SIPARIO

Dictatorships and school corporal punishments are the ingredients of this silent piece exploring the influence of institutions during the process of “coming out”.

The performer is on stage and kneels on hardened maize whilst looking to himself in a mirror.

The word “Sipario” is Italian for the theatre curtain that separates the actors from the audience.

“I personally experienced 10 minutes of this terrible punishment when I was at school. In this piece I’m going to try to extend these 10 minutes up to 6 hours.”

href=”https://mybodyisyourbodyproject.files.wordpress.com/2014/04/corn1.jpg”>CORN1
CORN
CORN2

AMAE’s NEW PERFORMANCE: “SIPARIO” (The Great Leap Forward)

“I will jump first” – Official shot before cropping.

In this image, the camera facilitates the recording and archiving of a queer image, in which the ‘masculinity’ of the subject is complicated with the inscription of an aestheticised ‘female’ identity. The act of photography is itself revealed as a queer practice, releasing the subject into the interpretive possibilities of a queer space.
The tight framing of the image and the exclusion of the remainder of the subject’s body recalls medical photography, in which essentialist definitions of gender and sex were inscribed through the referencing of ‘male’ or ‘female’ genitalia, and the sexually ambiguous or queer subject was often constituted as unnatural and pathological. In this image, the tattoo of female genitalia, coloured in ‘unnatural’ painterly hues, jars in its artificiality, in the manner of an illustration from a medical textbook.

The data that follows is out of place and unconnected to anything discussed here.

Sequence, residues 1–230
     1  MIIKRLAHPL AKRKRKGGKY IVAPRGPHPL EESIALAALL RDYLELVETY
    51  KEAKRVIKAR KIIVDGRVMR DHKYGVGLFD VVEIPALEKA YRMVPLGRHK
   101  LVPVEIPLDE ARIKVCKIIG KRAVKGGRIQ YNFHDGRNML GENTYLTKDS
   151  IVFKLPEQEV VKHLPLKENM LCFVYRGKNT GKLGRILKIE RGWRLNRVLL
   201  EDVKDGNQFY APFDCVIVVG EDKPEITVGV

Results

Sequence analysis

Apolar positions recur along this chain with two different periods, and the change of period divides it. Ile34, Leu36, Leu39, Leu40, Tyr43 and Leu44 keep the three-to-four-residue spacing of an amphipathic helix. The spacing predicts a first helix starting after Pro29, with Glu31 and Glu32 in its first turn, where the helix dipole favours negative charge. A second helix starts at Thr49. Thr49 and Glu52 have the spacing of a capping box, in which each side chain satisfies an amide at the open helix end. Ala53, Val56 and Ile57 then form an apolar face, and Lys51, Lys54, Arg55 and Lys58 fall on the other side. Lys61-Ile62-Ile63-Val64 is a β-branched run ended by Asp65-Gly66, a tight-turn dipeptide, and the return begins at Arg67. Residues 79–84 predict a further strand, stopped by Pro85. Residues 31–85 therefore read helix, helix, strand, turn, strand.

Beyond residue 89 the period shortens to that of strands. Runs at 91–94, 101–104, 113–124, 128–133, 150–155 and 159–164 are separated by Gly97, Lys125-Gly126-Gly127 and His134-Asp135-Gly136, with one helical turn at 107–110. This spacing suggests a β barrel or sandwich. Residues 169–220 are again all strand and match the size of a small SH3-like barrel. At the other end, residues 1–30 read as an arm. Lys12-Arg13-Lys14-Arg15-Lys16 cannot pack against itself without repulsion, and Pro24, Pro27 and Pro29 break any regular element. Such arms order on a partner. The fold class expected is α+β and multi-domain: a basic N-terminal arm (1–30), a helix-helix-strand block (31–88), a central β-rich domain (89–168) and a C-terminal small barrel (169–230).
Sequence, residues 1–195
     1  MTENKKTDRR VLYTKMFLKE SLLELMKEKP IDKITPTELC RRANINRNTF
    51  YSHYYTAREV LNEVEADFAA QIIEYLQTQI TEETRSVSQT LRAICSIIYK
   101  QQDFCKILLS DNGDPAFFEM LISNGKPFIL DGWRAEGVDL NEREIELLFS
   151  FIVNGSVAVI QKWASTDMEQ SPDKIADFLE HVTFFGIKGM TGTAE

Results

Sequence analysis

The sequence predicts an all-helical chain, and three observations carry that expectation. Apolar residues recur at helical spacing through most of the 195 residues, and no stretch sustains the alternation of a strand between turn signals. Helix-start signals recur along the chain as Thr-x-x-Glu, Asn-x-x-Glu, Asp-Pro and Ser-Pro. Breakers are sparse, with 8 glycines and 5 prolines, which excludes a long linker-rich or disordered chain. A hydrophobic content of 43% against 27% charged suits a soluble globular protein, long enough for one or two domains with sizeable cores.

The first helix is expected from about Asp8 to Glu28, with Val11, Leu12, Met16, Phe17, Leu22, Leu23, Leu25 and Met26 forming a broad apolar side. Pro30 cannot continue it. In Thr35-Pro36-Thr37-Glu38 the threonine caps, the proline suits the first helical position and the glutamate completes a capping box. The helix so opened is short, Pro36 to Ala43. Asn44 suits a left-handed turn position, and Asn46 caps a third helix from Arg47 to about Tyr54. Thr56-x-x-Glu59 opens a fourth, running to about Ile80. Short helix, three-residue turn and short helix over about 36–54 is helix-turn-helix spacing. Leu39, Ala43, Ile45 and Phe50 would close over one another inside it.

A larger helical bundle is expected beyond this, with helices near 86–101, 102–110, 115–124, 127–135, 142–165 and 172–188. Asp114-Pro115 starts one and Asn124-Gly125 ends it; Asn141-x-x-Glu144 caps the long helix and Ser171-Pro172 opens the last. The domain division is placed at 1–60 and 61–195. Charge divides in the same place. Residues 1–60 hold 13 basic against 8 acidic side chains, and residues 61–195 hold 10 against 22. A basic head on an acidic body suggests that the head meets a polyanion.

However, the distancing and voyeuristic practises of medical photography are downplayed by the camera’s close focus on the subject’s body, which invites an intimate observation of the blend of tattooed ink with the subject’s skin, pores and body hair. The camera invites the viewer into close familiarity with the subject, like a lover, in which the image is non-threatening, tactile and aesthetically striking.

The camera’s exclusion of the remainder of the subject’s body releases the image from normative gendered narratives of identity. Though nominally a ‘male’ body, the camera’s tight focus refuses to provide a defined and gendered identity, acting instead as a queering methodology for the body and the construction of the subject.